My understanding is that when characters were being simplified in Mainland China, they first had to standardize traditional characters (i.e. What should these new characters be simplified from?). 「綫」 was chosen as the traditional standard, thus in the PRC's Table of General Standard Chinese Characters (通用規範漢字表), you can see that 「线」 is considered to be simplified from 「綫」, while 「線」 is listed as a variant of 「綫」 (「缐」 also exists, but is only used as a surname).
Understandably, if the dictionaries you are using are Mainland Chinese, 「綫」 will be treated as the standard character rather than 「線」.
In contrast, every other region in the Sinosphere that has some standard for Chinese characters (i.e. Hong Kong, Taiwan, Japan, South Korea) list 「線」 as the standard form, which might explain why 「線」 is much more prominent outside of simplified Chinese.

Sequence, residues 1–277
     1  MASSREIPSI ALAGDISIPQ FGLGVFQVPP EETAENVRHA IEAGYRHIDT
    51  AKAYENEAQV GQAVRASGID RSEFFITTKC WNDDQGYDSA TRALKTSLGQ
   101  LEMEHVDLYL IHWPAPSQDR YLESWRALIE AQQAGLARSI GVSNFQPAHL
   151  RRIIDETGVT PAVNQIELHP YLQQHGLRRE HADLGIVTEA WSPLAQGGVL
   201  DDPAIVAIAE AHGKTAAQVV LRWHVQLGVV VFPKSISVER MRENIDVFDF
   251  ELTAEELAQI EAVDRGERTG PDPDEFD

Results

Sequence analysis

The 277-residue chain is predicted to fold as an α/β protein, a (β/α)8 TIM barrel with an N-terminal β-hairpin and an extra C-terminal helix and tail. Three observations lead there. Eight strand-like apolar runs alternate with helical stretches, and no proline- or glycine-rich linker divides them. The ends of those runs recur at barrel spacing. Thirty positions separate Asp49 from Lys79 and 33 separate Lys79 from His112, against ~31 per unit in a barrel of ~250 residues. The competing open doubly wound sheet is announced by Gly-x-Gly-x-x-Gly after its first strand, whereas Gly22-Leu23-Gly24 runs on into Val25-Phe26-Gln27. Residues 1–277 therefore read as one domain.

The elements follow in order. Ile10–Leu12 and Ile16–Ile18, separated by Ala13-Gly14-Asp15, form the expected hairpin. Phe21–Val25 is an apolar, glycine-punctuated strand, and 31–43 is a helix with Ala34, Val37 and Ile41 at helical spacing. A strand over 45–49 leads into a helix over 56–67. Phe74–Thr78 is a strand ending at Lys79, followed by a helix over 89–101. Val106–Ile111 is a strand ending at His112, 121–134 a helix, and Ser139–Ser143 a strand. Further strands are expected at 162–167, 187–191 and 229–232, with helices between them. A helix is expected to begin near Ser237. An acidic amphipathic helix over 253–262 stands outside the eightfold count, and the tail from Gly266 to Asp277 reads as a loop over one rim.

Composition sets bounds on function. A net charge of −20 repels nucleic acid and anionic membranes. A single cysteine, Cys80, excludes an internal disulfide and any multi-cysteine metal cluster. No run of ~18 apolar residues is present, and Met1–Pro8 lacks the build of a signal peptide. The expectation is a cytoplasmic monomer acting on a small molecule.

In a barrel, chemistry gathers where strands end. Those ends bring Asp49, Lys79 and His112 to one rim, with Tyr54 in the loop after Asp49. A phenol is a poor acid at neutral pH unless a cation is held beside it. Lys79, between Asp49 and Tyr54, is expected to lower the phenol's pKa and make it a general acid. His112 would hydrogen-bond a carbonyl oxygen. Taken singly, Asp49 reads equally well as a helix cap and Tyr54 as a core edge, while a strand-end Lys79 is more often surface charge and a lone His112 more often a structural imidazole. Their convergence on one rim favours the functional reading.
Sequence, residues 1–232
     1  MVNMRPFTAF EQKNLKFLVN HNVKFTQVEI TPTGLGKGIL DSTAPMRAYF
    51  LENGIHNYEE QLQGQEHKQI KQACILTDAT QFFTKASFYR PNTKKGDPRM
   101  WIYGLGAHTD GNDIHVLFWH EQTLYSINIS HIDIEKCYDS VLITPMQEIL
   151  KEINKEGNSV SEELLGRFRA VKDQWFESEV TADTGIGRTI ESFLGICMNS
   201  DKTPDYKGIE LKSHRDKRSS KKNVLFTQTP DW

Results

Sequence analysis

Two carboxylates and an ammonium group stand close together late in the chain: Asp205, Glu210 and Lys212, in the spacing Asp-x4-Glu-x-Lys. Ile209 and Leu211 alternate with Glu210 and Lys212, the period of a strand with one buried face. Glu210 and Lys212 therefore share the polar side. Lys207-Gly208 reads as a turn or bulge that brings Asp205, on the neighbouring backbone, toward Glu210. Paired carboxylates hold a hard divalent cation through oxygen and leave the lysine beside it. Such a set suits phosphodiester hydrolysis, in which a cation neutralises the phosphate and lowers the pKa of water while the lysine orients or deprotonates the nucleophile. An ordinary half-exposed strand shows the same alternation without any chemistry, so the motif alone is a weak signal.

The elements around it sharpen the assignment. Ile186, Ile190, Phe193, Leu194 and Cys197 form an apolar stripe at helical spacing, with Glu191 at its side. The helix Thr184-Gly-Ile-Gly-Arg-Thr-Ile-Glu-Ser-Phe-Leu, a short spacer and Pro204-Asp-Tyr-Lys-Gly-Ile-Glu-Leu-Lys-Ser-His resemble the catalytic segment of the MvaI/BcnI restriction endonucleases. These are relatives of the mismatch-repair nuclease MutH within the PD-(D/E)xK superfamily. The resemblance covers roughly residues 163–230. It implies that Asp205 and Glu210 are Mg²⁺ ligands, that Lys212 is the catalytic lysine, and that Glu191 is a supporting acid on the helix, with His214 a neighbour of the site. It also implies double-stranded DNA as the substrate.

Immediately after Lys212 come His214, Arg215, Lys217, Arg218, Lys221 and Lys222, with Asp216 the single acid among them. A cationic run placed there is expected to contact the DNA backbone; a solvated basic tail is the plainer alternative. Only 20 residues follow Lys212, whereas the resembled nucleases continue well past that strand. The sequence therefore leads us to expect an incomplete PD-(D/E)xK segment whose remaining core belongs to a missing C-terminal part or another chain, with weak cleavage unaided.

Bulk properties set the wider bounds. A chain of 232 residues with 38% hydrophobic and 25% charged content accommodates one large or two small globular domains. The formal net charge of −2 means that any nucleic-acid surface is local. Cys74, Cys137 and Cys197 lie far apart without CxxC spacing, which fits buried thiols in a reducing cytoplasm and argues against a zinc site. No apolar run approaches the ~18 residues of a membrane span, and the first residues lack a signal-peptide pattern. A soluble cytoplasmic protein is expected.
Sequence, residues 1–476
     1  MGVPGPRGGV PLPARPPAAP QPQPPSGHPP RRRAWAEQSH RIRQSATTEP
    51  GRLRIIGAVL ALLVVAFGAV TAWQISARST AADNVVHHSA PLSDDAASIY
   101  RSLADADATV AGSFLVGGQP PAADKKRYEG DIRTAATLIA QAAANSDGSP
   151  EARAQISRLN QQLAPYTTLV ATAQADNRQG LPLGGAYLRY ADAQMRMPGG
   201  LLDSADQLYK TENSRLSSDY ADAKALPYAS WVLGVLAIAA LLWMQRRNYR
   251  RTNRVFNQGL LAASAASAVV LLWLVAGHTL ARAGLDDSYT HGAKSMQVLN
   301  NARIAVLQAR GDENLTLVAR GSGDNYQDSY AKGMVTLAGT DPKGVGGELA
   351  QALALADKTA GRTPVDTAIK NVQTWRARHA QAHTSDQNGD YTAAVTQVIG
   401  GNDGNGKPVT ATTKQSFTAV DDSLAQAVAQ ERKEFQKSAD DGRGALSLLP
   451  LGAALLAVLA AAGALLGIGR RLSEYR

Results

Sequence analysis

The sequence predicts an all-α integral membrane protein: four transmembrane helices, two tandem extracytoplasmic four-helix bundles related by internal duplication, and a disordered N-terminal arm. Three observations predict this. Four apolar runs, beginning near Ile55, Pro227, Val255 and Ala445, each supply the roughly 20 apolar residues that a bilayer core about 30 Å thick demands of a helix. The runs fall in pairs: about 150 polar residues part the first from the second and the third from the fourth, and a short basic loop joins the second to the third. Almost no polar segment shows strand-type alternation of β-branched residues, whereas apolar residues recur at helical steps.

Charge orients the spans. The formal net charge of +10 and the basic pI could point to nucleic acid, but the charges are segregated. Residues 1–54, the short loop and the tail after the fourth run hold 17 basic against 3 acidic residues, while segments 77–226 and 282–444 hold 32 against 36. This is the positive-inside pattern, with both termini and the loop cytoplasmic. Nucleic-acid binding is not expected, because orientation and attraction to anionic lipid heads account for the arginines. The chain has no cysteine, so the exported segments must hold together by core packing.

However, as mentioned in the other answer, 「綫」 is quite common in Hong Kong, despite 「線」 being the standard character in Hong Kong's List of Graphemes of Commonly-Used Chinese Characters (常用字字形表). This is likely because the standardized character shapes are used as general guidelines for education, rather than used as a strict set of rules to follow.
The smaller character here indicates a variant form.
Both these forms have existed as variants of each other for quite some time before the modern era, so aside from regional standards and popularity, one isn't necessarily more correct than the other. I'm not sure about Japan and Korea, but in Chinese-speaking regions, both forms should be equally well-understood. In the end, it boils down to personal preference.